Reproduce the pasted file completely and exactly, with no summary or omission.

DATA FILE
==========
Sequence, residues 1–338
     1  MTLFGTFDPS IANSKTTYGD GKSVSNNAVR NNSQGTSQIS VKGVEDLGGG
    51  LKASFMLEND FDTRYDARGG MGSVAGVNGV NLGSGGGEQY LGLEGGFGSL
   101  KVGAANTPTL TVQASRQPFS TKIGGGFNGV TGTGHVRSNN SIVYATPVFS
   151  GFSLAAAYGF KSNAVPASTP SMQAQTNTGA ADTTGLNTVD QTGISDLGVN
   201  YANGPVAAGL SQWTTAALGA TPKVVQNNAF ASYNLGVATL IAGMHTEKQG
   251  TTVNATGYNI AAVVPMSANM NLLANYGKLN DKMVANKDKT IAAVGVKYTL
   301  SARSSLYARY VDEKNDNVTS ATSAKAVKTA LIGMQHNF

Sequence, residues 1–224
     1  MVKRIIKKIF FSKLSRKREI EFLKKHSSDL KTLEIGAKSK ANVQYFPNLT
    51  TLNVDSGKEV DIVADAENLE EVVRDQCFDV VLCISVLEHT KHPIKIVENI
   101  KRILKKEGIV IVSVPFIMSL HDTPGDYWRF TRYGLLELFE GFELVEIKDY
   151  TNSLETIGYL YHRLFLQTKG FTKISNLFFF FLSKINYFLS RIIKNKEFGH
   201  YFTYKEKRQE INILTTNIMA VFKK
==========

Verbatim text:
Sequence, residues 1–338
     1  MTLFGTFDPS IANSKTTYGD GKSVSNNAVR NNSQGTSQIS VKGVEDLGGG
    51  LKASFMLEND FDTRYDARGG MGSVAGVNGV NLGSGGGEQY LGLEGGFGSL
   101  KVGAANTPTL TVQASRQPFS TKIGGGFNGV TGTGHVRSNN SIVYATPVFS
   151  GFSLAAAYGF KSNAVPASTP SMQAQTNTGA ADTTGLNTVD QTGISDLGVN
   201  YANGPVAAGL SQWTTAALGA TPKVVQNNAF ASYNLGVATL IAGMHTEKQG
   251  TTVNATGYNI AAVVPMSANM NLLANYGKLN DKMVANKDKT IAAVGVKYTL
   301  SARSSLYARY VDEKNDNVTS ATSAKAVKTA LIGMQHNF

Sequence, residues 1–224
     1  MVKRIIKKIF FSKLSRKREI EFLKKHSSDL KTLEIGAKSK ANVQYFPNLT
    51  TLNVDSGKEV DIVADAENLE EVVRDQCFDV VLCISVLEHT KHPIKIVENI
   101  KRILKKEGIV IVSVPFIMSL HDTPGDYWRF TRYGLLELFE GFELVEIKDY
   151  TNSLETIGYL YHRLFLQTKG FTKISNLFFF FLSKINYFLS RIIKNKEFGH
   201  YFTYKEKRQE INILTTNIMA VFKK